Blair Walker’s Darryl Billups Mystery Series

 

Up Jumped the Devil (Darryl Billups Mystery) by Blair S. Walker
A five-year veteran of the Baltimore Herald’s police beat, Darryl Billups is one of the paper’s top reporters. He earned the distinction the hard way, combining a nose for news, innate writing ability, and the timeless art of persuasion. Never one to shy away from the dangers of the job, he has chronicled the trajectories of some of Baltimore’s most compelling — and lethal — characters. So when an anonymous source tips him off to a domestic terrorist plot to bomb the NAACP’s national headquarters, Darryl knows this story could be the biggest of his career. But what he soon comes to realize is that though his dogged pursuit of the truth may make his name, it could also cost him his life. Complicating matters is Darryl’s deepening affection for Yolanda and Jamal, a young mother and son he has taken under his wing to shield them from domestic abuse. As a veteran journalist, he knows better than to insert himself into a story, but sometimes it just can’t be helped. Up Jumped the Devil weaves a thrilling mixture of suspense, romance, and comedy, expertly juggled by a memorable new hero for fans of contemporary detective fiction.
 
Hidden in Plain View (Darryl Billups Mysteries) by Blair S. Walker
In the second installment of Blair S. Walker‘s Darryl Billups series, the intrepid reporter has left his blue-collar Baltimore roots for a new gig in New York. But life in the big city isn’t all it’s cracked up to be. Luckily for Darryl, the Baltimore Herald is only too happy to welcome its star reporter back home, as are Darryl’s girlfriend Yolanda and her young son Jamal. Darryl is promoted to editor, but before long is itching to return to his former crime beat. He gets his chance when the nude bodies of African-American professionals begin turning up around town, their faces ominously marked with Confederate-flag decals. At a loss for suspects, homicide detective Phillip Gardner calls on his old friend Darryl for help unraveling the case. Darryl eagerly reconnects with Baltimore’s seedy underbelly and is soon hot on the trail of a killer who will transform his notions about gender, race, and the workings of the criminal mind. To break this story, Darryl must learn to look at the world in a totally different way — or become the killer’s most high-profile victim yet!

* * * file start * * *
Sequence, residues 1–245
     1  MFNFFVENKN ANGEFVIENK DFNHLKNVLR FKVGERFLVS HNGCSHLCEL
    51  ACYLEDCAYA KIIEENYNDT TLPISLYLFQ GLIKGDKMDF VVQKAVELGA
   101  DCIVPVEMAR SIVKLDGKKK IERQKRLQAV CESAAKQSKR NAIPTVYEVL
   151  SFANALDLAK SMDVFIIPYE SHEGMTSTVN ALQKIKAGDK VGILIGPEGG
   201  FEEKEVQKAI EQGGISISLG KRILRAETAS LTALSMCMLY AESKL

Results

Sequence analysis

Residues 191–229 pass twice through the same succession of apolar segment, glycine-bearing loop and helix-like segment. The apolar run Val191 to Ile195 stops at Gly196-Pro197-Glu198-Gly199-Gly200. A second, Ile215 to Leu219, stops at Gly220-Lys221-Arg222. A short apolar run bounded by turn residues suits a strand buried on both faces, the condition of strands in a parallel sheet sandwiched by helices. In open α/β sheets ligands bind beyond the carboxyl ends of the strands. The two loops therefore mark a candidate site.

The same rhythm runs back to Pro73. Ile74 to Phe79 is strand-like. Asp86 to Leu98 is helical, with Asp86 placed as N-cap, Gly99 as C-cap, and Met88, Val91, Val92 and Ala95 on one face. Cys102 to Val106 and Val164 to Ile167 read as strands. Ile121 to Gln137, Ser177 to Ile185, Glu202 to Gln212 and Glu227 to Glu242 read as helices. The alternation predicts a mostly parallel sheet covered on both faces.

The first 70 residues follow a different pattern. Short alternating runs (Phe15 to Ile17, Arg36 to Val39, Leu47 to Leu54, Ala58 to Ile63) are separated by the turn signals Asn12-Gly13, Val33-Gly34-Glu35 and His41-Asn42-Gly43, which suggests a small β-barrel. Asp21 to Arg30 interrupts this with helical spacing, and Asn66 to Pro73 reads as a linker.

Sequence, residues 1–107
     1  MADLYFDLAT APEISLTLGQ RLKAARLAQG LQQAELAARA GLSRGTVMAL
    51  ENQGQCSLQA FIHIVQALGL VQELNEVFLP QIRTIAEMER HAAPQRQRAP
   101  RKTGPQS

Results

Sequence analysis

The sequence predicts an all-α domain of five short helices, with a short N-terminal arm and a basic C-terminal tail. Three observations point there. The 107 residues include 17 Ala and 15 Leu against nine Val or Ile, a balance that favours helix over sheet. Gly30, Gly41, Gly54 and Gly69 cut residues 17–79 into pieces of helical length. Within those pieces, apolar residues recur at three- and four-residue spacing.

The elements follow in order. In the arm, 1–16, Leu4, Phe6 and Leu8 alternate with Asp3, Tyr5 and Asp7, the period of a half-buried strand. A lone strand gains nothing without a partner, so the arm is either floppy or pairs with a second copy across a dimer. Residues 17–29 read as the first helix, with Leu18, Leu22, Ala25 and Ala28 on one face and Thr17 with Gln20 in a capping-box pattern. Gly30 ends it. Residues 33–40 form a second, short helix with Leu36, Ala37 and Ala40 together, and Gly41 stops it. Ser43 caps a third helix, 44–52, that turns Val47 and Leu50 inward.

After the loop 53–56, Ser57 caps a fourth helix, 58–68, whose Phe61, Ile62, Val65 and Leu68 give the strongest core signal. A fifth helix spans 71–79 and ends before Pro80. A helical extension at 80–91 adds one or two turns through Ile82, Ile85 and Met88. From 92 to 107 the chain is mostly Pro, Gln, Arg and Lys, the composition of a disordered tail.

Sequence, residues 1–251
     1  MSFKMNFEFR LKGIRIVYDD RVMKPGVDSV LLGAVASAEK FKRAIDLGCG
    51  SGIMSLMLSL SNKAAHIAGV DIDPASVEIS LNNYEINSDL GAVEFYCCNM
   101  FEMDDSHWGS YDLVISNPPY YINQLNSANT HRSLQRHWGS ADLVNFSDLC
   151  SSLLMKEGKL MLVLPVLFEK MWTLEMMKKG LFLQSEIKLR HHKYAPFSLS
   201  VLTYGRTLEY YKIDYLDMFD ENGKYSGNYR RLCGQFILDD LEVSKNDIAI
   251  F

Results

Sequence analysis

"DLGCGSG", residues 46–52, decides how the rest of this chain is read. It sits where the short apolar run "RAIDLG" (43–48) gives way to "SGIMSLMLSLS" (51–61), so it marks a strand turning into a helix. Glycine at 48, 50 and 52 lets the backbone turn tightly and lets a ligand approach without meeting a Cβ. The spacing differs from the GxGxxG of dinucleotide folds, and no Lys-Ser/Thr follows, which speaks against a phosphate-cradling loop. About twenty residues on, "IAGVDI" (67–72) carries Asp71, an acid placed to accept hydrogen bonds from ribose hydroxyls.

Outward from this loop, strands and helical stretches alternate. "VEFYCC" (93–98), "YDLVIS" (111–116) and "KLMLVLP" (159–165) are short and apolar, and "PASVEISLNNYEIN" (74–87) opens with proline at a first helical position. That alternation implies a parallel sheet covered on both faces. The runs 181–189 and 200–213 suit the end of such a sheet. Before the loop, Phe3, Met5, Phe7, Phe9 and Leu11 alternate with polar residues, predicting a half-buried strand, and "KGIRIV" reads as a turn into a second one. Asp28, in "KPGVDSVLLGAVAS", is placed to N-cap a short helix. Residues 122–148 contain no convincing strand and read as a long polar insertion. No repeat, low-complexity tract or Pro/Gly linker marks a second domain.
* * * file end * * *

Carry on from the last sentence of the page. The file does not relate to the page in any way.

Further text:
Don’t Believe Your Lying Eyes (A Darryl Billups Mystery) by Blair S. Walker
Don’t Believe Your Lying Eyes is the third outing for intrepid African-American newspaper reporter Darryl Billups, whose previous escapades found him foiling a domestic terrorism plot and unmasking a cunning serial killer. In what just may be his biggest story yet, Darryl is called to cover a multiple homicide at a Baltimore storage facility. Authorities suspect the carnage is somehow linked to the contents of storage unit 25, where a young woman’s mummified body — clad in bloodstained lingerie and opulent platinum-and-diamond jewelry — was recently discovered. The fact that someone was willing to risk the lives of five innocent people following the corpse’s discovery tells Darryl that he’s on to something big — and that’s before the body mysteriously disappears from the medical examiner’s office. Determined to find the truth, he joins forces with a hard-nosed female detective. Together they uncover a decades-old rivalry that reaches the highest levels of Baltimore politics. Novelist Blair S. Walker has been praised by USA Today for his “keen knack for entertaining,” and Don’t Believe Your Lying Eyes doesn’t disappoint!

2 thoughts on “Blair Walker’s Darryl Billups Mystery Series”

  1. When ‘Up Jumped the Devil’ debuted the only other African American authors writing P.I./Detective fiction and sitting on the shelves of the major book retailers were Walter Mosley and Valerie Wilson Wesley. I was excited to read Blair Walker’s unique contribution then, and later disappointed that Darryl Billups was silenced after Don’t Believe Your Lying Eyes. Thanks to new technology Darryl now enjoys a bit of a renaissance, but I still wish there was more of him in print for new audiences to discover.

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